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Spring 2021: Warmer and potentially more active than normal

After a 14-day stretch of below-freezing temperatures last month, we've started this spring with several days above average, hinting at a continued La Niña pattern over the next few months.

La Niña refers to the global cycle marked by cooler than average ocean temperatures in the equatorial Pacific Ocean. We have been in a moderate La Niña this winter, as evidenced by the wild temperature swings we have had since December.

This pattern is expected to continue through late spring, before returning to neutral this summer.

Watch the Severe Weather Special live in the player below at 6:30 p.m.

In a La Niña spring, warm and wet conditions are present over Missouri. The jet stream will be a bit more amplified, meaning storms could develop farther north. The polar jet sets up farther south where warm, moist air lies and the pacific jet is farther north, pulling that warmer and more humid air north to create an environment ripe for storm development.

Another interesting development is the ongoing dry conditions to our west and southwest. The jet stream could draw warm, dry air from this region and keep a lid on storms until nighttime, allowing for more nocturnal thunderstorm outbreaks.

Warmer than average temperatures are expected through May, but for now the precipitation outlook is nearly normal for Mid-Missouri. The average spring temperature for March through May is 54.5 degrees while rain averages to 12.38".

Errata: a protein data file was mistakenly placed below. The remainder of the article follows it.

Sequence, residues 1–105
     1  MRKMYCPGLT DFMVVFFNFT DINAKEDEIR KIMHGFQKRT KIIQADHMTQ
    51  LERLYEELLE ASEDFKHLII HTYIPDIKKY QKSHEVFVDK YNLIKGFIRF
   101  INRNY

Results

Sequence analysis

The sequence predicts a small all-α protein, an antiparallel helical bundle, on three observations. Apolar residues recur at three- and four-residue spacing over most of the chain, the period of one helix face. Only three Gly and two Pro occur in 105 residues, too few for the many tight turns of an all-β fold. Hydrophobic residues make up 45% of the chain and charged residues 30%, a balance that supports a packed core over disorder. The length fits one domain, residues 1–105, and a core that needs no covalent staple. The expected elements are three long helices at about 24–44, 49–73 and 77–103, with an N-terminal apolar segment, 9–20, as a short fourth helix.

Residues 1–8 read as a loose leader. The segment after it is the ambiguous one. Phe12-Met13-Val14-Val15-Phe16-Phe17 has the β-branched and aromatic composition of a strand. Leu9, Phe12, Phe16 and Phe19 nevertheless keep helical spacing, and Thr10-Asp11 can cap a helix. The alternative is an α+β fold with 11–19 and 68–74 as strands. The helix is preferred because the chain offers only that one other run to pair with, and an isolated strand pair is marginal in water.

With the overall climate pattern not changing much this spring, we can expect warmer temperatures with near-normal rain. However, with an active jet stream, we'll have to stay alert for an increase in severe weather outbreaks. Significant river flooding isn't expected, but smaller local rivers and streams could be impacted by those rounds of thunderstorms.

Many of us can agree we're ready for spring to stay after the February deep freeze, but it's important to have a plan for severe weather. Make sure to review where your family should take shelter, and have a way to receive warnings at all hours of the day. The ABC 17 Stormtrack Weather app is a great resource that can be downloaded for free on the Google or Apple app stores.

Insider Blog / Stormtrack Weather Special
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Jessica Hafner

Jessica Hafner returned to ABC 17 News as chief meteorologist in 2019 after working here under Sharon Ray from 2014 to 2016.


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